Cookies Policy

This site uses cookies. By continuing to browse the site you are agreeing to our use of cookies.

I accept this policy

Find out more here

From the New Geopolitics of Resources to Nanotechnology: Emerging Challenges of Globalism in Antarctica

No metrics data to plot.
The attempt to load metrics for this article has failed.
The attempt to plot a graph for these metrics has failed.
The full text of this article is not currently available.

Brill’s MyBook program is exclusively available on BrillOnline Books and Journals. Students and scholars affiliated with an institution that has purchased a Brill E-Book on the BrillOnline platform automatically have access to the MyBook option for the title(s) acquired by the Library. Brill MyBook is a print-on-demand paperback copy which is sold at a favorably uniform low price.

Access this article

+ Tax (if applicable)
Add to Favorites
You must be logged in to use this functionality

image of The Yearbook of Polar Law Online

AbstractThe Antarctic regime does not face imminent collapse, but its apparent calm disguises significant ecological and geopolitical instability. Over the past 15 years, the picture of human activity in Antarctica has transformed from one still heavily terrestrially focussed, dominated by national Antarctic programmes, largely science focussed, and situated within a Cold-War geopolitics, to one where diverse activities, increasingly including the marine environment, involving a much wider group of actors and commercial imperatives, is the norm. Globalism has brought new pressures, and increased intensity of pressures to Antarctica. Whilst the existing Antarctic Treaty System retains a theoretical capacity to develop standards and provide regulation, it has shown no obvious inclination to do so for a decade and a half. Critically, the system seems to have lost confidence in Antarctic exceptionalism as its organising principle, and to lack administrative capacity to address substantive issues. Given technology’s overcoming of the natural defences of Antarctica, if globalism now denies us the capacity to treat anywhere differently and thereby disables the principle of Antarctic exceptionalism upon which international governance of the region was predicated, Antarctica faces severe difficulties. This paper argues for continuing special treatment of Antarctica and a new deliberative exceptionalism. It suggests that significant unresolved issues within the present Antarctic dispensation need attention, notably the beginning of a debate on the abandonment of territorial sovereignty claims, a more coherent institutional development and the establishment of a political level Meeting of Parties in addition to the current officials-only meetings.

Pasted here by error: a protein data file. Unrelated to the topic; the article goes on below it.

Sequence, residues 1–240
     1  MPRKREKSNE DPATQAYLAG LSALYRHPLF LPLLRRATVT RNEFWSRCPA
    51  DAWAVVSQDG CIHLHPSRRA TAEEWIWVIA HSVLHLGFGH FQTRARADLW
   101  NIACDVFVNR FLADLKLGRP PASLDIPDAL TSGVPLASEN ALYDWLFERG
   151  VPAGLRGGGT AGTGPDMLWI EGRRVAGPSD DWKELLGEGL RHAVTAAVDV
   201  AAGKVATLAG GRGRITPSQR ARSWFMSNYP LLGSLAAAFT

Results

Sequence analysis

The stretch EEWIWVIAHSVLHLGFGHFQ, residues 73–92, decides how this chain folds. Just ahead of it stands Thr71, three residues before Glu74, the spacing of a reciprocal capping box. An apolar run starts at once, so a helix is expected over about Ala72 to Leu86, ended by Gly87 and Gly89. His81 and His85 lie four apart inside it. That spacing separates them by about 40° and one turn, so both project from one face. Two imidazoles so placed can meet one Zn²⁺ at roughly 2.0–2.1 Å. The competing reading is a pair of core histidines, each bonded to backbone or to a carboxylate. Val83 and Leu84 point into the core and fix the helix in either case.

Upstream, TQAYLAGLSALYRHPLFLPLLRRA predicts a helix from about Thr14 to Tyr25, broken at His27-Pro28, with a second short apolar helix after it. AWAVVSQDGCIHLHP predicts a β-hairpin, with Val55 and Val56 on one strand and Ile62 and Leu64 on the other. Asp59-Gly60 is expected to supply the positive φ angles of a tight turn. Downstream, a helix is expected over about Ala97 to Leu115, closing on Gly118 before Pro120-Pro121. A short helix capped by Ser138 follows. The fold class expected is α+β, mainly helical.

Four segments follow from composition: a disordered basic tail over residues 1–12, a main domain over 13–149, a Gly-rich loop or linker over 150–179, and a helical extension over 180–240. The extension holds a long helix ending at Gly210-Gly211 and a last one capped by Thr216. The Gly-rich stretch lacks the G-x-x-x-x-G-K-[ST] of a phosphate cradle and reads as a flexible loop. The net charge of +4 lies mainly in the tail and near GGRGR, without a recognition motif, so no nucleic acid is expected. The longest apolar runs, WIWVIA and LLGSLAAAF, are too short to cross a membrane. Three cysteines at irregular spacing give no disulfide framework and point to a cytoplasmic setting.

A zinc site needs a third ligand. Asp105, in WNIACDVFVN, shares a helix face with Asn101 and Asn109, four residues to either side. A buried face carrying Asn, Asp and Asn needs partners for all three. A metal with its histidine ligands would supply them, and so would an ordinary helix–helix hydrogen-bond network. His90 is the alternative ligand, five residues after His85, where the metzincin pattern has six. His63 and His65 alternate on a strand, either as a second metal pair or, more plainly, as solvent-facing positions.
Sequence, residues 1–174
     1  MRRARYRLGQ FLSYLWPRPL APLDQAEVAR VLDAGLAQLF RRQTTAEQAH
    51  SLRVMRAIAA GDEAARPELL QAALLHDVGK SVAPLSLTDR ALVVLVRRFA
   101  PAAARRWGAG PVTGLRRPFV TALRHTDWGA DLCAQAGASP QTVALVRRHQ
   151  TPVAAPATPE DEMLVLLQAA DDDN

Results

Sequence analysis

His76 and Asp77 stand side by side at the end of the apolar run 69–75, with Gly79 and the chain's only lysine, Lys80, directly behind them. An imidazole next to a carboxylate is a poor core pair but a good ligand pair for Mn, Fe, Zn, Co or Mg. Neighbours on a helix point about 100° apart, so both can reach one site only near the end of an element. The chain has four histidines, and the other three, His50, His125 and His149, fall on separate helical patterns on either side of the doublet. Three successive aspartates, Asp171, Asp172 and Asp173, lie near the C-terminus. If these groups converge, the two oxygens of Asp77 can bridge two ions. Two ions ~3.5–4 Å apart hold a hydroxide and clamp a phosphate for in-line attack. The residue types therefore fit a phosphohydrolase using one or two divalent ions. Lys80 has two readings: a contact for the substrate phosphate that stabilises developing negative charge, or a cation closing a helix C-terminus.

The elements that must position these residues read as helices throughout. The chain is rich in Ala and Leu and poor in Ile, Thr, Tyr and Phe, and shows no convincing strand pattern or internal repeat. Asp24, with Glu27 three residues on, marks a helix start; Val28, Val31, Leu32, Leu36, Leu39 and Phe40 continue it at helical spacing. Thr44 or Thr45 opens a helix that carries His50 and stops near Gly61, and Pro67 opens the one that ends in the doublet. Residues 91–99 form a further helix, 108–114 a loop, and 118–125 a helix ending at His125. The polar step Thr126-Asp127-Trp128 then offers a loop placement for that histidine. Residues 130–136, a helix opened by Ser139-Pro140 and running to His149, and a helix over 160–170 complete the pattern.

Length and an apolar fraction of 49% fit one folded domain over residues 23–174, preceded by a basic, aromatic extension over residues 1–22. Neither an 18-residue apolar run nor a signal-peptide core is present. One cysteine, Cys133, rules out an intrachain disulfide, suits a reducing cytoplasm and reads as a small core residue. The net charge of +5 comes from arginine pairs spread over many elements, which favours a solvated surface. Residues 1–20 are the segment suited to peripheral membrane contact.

Affiliations: 1: Gateway Antarctica Centre for Antarctic Studies and Research, University of CanterburyInstitute of Antarctic and Southern Ocean Studies, University of


Full text loading...


Data & Media loading...

Article metrics loading...



Can't access your account?
  • Tools

  • Add to Favorites
  • Printable version
  • Email this page
  • Subscribe to ToC alert
  • Get permissions
  • Recommend to your library

    You must fill out fields marked with: *

    Librarian details
    Your details
    Why are you recommending this title?
    Select reason:
    The Yearbook of Polar Law Online — Recommend this title to your library
  • Export citations
  • Key

  • Full access
  • Open Access
  • Partial/No accessInformation